Genetic studies in model organisms have provided tremendous insights into neural development and revealed surprising similarities between vertebrates and invertebrates in the genes and pathways controlling the patterning and wiring of the nervous system. Compared to neural development, much less is known about the molecular and cellular mechanisms that help maintain the integrity and function of the diverse differentiated neurons after they are fully developed and integrated into neural circuits. It is expected that elucidation of the mechanisms central to neuronal maintenance in model organisms will inform similar processes in humans, impairments of which underlie various neurodegenerative conditions such as Alzheimers disease and Parkinsons diseases, for which there is currently no effective treatment. Drosophila has served as an excellent model system to elucidate the signaling network that directs mitochondrial quality control, a multifaceted process encompassing fission/fusion dynamics, transport, and autophagy (mitophagy). This mitochondrial quality control process is crucially important for the structural and functional integrity of dopaminergic neurons, the cell types that are lost to Parkinsons disease. Our recent genetic studies have revealed novel roles of the conserved target of rapamycin signaling complexes (TORC1 and TORC2) in regulating mitochondrial function and maintaining dopaminergic neuron integrity, although paradoxically TORC1 and TORC2 exhibit opposite effects in this process. The goal of this proposal is to use molecular genetic, genomic, biochemical, and cell biological tools available in Drosophila to decipher the mechanisms of action of TORC1 and TORC2 in mitochondrial regulation, in an effort to understand in molecular terms how mitochondrial abnormality arises and how it impacts neuronal integrity in age-related neurodegenerative disease conditions. The hypothesis to be tested is that TORC1 and TORC2 play central roles in dopaminergic neuron maintenance by directing distinct aspects of mitochondrial regulation, with TORC2 regulating mitochondrial quality control whereas TORC1 regulating mitochondrial respiratory chain complex biogenesis through translational regulation. Key findings from the fly studies will be validated in patient-derived, dopaminergic neuron-based disease models. Greater understanding of the functions of the genes to be studied in this project will provide novel insights into the fundamental mechanisms linking mitochondrial regulation to neuronal maintenance. This will ultimately contribute to the treatment of a host of neurodegenerative conditions associated with mitochondrial dysfunction.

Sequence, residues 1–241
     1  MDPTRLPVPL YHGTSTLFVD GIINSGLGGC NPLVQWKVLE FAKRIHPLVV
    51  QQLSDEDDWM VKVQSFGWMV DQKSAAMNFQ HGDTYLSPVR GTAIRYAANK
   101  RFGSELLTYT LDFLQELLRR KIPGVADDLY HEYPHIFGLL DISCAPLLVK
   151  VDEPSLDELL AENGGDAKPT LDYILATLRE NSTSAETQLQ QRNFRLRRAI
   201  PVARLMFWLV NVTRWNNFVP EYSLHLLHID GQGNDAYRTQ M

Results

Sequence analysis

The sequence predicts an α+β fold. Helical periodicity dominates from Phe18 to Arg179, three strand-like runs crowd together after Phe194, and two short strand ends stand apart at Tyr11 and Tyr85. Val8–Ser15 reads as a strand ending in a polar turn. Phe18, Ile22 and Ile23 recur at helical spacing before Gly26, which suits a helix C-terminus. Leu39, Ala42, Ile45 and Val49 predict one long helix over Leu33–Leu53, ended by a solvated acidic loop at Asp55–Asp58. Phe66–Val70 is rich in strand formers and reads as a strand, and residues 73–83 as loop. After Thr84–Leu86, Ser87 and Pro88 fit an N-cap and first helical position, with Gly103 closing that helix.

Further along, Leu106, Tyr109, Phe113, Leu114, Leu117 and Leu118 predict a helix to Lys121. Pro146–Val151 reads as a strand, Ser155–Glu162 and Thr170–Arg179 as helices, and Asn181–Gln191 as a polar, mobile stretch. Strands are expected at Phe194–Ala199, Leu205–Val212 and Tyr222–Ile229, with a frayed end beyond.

Public Health Relevance

This proposal aims to employ the powerful tools available in the model organism Drosophila to elucidate fundamental mechanisms by which conserved cellular signaling pathways influence the function of mitochondria, the cellular organelles that make ATP. This process is central to the maintenance of dopaminergic neurons that are lost to Parkinson's disease. Key findings from the Drosophila studies will be validated using novel disease models built with Parkinson's disease patient-derived induced dopaminergic neurons. Knowledge to be gained from this study will help understand and ultimately treat Parkinsons disease and a host of disease conditions caused by mitochondrial dysfunction.

National Institute of Health (NIH)
National Institute of Neurological Disorders and Stroke (NINDS)
Research Project (R01)
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Special Emphasis Panel (ZRG1-ETTN-G (03))
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Sutherland, Margaret L
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Stanford University
Schools of Medicine
United States
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Lu, Bingwei; Gehrke, Stephan; Wu, Zhihao (2014) RNA metabolism in the pathogenesis of Parkinson?s disease. Brain Res 1584:105-15